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Why is Ontario car insurance so expensive?

July 7, 2023
4 mins
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This article has been updated from a previous version.

The cost of living in Canada can vary significantly from one region to another. Food, gasoline, housing; these expenses and other necessities fluctuate depending on where you live. The same holds true for the cost of car insurance.

Across Canada, car insurance rates vary considerably. Ontario is the second-most expensive province for car insurance after Alberta, prompting many drivers to wonder — why is Ontario car insurance so expensive?

Of Canada’s 10 provinces, three feature government-owned and operated car insurance systems: B.C., Saskatchewan, and Manitoba. In Quebec, the government manages auto insurance for bodily injuries; otherwise, private insurance providers offer property damage insurance.

The other six provinces – Newfoundland and Labrador, Nova Scotia, New Brunswick, Prince Edward Island, Ontario, and Alberta – have private auto insurance systems, as do Canada’s three territories (Nunavut, Yukon, and the Northwest Territories).

For provinces like Ontario with private insurance systems, multiple for-profit insurance companies compete with each other and spur innovation, which can help to drive down the price of insurance. But the private-is-cheaper argument doesn't always hold up.

Which province has the most expensive car insurance?

According to the Insurance Corporation of British Columbia (ICBC), the estimated annual auto premium for a 40-year-old female driving a 2017 Ford Escape SE with a clean record in nine provinces in 2022 (Quebec excluded) were:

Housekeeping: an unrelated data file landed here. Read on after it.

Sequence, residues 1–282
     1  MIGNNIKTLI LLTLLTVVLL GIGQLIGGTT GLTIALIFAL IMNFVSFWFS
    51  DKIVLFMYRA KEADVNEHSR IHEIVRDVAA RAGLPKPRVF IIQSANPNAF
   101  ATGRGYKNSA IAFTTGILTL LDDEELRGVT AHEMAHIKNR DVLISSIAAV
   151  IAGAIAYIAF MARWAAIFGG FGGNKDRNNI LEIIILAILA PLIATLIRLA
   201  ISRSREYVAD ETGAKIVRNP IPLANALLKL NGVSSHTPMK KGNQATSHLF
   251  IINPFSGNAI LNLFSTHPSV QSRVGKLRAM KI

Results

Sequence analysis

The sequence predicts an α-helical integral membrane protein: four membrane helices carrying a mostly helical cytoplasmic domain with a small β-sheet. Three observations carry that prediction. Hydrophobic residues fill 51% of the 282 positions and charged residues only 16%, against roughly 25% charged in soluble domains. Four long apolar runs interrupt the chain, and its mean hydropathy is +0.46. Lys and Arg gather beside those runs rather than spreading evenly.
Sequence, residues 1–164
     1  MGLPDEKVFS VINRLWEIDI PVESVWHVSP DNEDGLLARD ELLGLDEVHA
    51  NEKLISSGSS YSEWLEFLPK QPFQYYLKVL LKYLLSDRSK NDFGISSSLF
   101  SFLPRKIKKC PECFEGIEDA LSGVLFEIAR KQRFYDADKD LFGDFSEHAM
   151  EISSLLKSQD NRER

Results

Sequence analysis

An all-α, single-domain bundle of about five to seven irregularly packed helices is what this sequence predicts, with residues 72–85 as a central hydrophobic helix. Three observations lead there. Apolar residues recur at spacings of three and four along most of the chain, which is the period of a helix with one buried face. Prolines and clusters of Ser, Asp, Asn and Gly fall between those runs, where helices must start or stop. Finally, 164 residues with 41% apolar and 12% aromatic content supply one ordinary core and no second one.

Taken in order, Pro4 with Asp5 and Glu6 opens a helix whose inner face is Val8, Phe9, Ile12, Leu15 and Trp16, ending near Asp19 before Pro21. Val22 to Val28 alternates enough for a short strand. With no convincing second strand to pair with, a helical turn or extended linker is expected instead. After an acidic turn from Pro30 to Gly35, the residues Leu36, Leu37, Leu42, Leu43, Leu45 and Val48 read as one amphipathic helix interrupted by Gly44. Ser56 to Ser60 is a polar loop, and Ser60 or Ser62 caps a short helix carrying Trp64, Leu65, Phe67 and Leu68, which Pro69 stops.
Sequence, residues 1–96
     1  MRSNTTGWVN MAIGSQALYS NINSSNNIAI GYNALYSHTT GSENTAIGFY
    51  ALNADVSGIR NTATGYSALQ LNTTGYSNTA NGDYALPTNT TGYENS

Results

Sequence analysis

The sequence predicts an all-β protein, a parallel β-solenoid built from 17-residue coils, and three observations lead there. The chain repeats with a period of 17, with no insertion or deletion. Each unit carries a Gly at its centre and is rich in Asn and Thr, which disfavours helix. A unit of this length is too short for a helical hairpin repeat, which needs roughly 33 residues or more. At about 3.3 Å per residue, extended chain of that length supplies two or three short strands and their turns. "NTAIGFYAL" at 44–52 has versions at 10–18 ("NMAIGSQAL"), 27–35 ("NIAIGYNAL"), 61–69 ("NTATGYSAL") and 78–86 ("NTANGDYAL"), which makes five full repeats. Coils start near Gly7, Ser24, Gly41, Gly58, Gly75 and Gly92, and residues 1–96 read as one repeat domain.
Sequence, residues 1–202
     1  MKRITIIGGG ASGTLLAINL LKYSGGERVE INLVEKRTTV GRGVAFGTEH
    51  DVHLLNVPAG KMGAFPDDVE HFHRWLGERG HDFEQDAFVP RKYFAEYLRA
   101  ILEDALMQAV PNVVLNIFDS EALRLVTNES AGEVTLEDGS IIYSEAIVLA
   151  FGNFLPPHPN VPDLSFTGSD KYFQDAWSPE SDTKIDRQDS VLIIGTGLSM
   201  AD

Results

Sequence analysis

• Calgary, Alberta: $2,042
  • Thunder Bay, Ontario: $1,691
  • St. John’s, Newfoundland and Labrador: $1,507
  • Saint John, New Brunswick: $1,447
  • Sydney, Nova Scotia: $1,433
  • Vancouver West End, British Columbia: $1,320
  • Esterhazy, Saskatchewan: $1,208
  • Winnipeg, Manitoba: $1,187
  • Charlottetown, Prince Edward Island: $1,085

But that was 2022. Now, the average Ontario car insurance premium is $1,744, according to RATESDOTCA’s data from May 2023. Furthermore, drivers in Toronto pay an average of $2,325 for a standard auto policy.

The COVID-19 pandemic, however, upended how often insurance rates rise in Ontario. The Financial Services Regulatory Authority (FSRA), Ontario’s car insurance regulator, decides whether an insurer can increase or decrease their rates. Throughout 2020 and into 2021, many insurers offered rebates, discounts, and other forms of relief to their customers to help them cope with the pandemic’s financial fallout rather than seeking rate increases.

Now, drivers province-wide are back on the road and insurance companies have faced financial strain brought on by inflation, part delays, long repair times, high theft rates, and more substantial claims, causing FSRA to approve rate increases,

Why is auto insurance so high in Ontario?

Many variables determine what your auto premium is. Some of them include:

  • Your driving record and experience
  • Your age, gender, and marital status
  • The type of vehicle you drive and how many kilometres you travel annually